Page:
Dr. Seuss wrote all the books that were put to use by students, faculty, and staff members of the University of Maryland, Baltimore (UMB) on March 1 during Read Across America Day. The UMB contingent, led by the School of Social Work, (SSW) played a significant role in festivities at The Historic Samuel Coleridge-Taylor (HSCT) Elementary School.
It was a special day, but the University's presence is an everyday occurrence at HSCT. The public school is a partner in Promise Heights, a comprehensive effort to improve the lives of West Baltimore families by offering services to children from cradle to college or career. The University has been involved with HSCT for nearly two years - helping to obtain support for a playground, remodeling of the lower level, and other advances. The SSW-led initiative is now partially funded by a 2012 Promise Neighborhoods planning grant from the U.S. Department of Education.
On Read America Day, HSCT helped two foundations launch a book drive and celebrated their plans for an improved library. An impressive roster of guest readers included Anthony Brown, JD, Maryland lieutenant governor; Sonja Brookins Santelises, EdD, chief academic officer, Baltimore City Public Schools; Bernard "Jack" Young, president of the Baltimore City Council; Gregg Bernstein, JD '81, Baltimore State's Attorney, Judge David Young, JD '77; and Jayne Miller, reporter, television station WBAL.
Bronwyn Mayden, MSW, assistant dean and executive director of Promise Heights, and SSW Dean Richard P. Barth, PhD, MSW, each treated a class to a Seuss selection.
The loudest call-and-response of the day no doubt took place in the kindergarten class that heard Rachel Donegan, JD, shown in the photo above. Donegan, SSW clinical instructor and programs coordinator of Promise Heights, read the Seuss title, Mr. Brown Can Moo, Can You?
Several Schools at the University are among Promise Heights' public and private partners, in keeping with an interprofessional goal. The School of Nursing (SON) assigns students to work with HSCT youngsters each week under the supervision of clinical faculty member Kate Scott, MPH, RN. As one of the guest readers, Scott shared the Seuss tale, Hunches in Bunches.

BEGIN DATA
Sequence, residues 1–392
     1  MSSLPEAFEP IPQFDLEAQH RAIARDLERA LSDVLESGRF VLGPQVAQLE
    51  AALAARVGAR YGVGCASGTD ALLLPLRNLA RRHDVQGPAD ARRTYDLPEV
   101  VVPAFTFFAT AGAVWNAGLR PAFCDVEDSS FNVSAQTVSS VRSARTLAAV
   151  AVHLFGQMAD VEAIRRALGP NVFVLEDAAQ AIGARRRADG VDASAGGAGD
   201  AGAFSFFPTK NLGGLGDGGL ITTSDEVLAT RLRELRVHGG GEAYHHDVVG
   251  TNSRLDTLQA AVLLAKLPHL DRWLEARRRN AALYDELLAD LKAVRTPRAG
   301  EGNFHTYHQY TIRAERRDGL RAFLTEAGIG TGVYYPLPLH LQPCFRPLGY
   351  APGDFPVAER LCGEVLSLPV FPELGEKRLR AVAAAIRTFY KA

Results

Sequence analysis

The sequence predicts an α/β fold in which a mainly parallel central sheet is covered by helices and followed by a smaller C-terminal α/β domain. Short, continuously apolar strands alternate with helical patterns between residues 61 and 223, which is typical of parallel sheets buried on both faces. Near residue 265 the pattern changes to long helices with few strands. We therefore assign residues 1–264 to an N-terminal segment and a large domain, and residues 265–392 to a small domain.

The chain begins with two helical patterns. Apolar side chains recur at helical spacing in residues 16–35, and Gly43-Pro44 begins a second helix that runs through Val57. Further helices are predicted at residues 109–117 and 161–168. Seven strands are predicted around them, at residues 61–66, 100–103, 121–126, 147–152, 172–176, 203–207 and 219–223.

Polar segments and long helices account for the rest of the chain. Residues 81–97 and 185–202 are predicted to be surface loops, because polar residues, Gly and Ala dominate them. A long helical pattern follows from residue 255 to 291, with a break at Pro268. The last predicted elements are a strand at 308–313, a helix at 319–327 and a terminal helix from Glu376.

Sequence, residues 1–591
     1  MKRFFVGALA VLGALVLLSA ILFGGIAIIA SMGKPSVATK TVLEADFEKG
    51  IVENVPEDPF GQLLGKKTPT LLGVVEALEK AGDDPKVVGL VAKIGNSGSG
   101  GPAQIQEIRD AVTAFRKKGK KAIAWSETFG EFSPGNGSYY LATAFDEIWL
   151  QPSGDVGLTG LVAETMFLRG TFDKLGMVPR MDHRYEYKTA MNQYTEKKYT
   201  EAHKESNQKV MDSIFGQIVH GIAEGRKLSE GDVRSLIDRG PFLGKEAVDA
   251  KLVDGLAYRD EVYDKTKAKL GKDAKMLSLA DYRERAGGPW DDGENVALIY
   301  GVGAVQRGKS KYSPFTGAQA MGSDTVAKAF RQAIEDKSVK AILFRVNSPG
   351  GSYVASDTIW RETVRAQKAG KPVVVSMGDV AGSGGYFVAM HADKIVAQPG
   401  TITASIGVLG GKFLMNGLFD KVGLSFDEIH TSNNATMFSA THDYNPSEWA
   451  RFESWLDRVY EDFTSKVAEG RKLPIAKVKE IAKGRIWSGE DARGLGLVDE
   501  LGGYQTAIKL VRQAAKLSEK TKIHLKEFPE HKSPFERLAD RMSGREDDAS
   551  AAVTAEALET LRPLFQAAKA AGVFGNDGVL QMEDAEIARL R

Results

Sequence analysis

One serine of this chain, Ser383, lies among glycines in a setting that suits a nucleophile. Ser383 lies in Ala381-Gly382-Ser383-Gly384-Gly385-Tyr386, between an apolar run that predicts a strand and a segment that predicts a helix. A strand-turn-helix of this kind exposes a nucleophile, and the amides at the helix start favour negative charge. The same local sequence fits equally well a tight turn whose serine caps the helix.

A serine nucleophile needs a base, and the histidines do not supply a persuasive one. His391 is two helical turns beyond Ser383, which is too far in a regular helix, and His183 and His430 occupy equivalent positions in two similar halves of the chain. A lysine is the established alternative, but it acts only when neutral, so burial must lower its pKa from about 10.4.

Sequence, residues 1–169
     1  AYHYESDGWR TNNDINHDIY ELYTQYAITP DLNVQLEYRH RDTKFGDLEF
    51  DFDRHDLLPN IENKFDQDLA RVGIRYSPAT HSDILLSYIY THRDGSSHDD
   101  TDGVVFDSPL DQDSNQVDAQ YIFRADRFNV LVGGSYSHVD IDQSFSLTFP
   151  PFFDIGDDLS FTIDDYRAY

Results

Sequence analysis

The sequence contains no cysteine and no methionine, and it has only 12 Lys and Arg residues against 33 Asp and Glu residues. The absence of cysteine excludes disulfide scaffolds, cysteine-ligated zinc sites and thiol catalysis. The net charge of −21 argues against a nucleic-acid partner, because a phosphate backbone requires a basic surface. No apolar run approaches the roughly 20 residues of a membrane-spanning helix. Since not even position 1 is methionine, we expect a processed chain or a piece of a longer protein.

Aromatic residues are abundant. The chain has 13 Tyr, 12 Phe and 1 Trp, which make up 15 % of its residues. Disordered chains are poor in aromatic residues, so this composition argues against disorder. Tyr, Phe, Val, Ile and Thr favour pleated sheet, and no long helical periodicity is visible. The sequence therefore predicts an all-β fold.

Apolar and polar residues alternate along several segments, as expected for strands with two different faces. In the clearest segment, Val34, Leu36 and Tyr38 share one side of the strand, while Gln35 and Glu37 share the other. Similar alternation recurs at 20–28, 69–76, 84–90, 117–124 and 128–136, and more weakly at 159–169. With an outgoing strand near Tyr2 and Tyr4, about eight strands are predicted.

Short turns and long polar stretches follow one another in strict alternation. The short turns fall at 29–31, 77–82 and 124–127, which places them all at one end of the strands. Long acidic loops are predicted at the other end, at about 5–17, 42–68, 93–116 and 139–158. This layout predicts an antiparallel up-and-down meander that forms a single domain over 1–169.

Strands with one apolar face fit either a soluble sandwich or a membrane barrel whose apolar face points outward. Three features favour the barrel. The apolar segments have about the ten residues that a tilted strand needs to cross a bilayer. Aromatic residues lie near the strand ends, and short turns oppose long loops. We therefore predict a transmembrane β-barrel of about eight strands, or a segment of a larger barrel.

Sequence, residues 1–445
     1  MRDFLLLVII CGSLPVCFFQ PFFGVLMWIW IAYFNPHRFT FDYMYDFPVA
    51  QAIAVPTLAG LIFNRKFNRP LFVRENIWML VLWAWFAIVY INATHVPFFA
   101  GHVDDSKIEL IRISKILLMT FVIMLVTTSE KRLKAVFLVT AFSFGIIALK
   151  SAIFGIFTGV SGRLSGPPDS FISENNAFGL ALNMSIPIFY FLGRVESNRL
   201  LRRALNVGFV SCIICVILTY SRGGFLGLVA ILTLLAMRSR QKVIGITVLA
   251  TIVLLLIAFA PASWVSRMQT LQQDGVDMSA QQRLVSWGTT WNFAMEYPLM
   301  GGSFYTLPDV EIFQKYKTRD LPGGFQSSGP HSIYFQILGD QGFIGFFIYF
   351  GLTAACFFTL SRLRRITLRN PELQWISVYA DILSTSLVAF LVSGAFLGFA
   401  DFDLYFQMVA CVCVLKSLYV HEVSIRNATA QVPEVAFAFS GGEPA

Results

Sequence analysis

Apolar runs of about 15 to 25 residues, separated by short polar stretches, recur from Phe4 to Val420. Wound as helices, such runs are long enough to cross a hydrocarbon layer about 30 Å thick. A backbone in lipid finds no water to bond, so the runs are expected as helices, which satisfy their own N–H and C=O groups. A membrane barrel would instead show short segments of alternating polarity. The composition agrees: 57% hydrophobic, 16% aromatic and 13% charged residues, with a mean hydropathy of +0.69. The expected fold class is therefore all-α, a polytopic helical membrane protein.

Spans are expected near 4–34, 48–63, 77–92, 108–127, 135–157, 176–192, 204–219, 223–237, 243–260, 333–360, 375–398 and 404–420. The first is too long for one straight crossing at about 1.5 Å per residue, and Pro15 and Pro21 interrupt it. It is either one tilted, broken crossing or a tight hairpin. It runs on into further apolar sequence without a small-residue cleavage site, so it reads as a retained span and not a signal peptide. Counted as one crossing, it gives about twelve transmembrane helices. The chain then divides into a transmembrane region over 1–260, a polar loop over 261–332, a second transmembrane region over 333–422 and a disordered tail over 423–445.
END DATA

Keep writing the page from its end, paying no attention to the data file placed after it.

HSCT is likely to get some new copies of all those Seuss books through a book drive being conducted by The Harry and Jeanette Weinberg Foundation together with the Heart of America Foundation. Principal Harold Barber, EdD, brought teachers and students into an assembly, where foundation officials unveiled plans for a new library to replace one currently housed in a multi-purpose room. The goal of the Baltimore Elementary and Middle School Library Project is to expand access to reading.
HSCT is located north of the University campus and west of Martin Luther King Jr. Boulevard in the neighborhoods of Upton and Druid Heights, where about half of the families live in poverty, data show.
Through partnerships beyond the University, Promise Heights offers other services to public schools in the neighborhood. At HSCT, Brenda Conway LGSW, is the Community Resource School site coordinator, and Claire Meringolo DLCSW-C, is the mental health consultant and social worker for the Judy Center, part of the Judith P. Hoyer Program in the Maryland State Department of Education. HSCT gained the center last fall, becoming the second public school in the target neighborhoods to offer parents early child care and family education.
Gillian Gregory, MSW, is the Community Resource School coordinator around the corner at Furman L. Templeton Preparatory Academy, where Stacy Stephans, MSW, coordinates the West Baltimore branch of the B'More for Healthy Babies program, and Barth is on the charter school's advisory board.
On Read Across America Day, Conway, Meringolo, and SSW student Liz Buchanan all had a turn reading aloud and, like the others, read Dr. Seuss. If he were alive, he would almost certainly have approved. It was the author's birthday.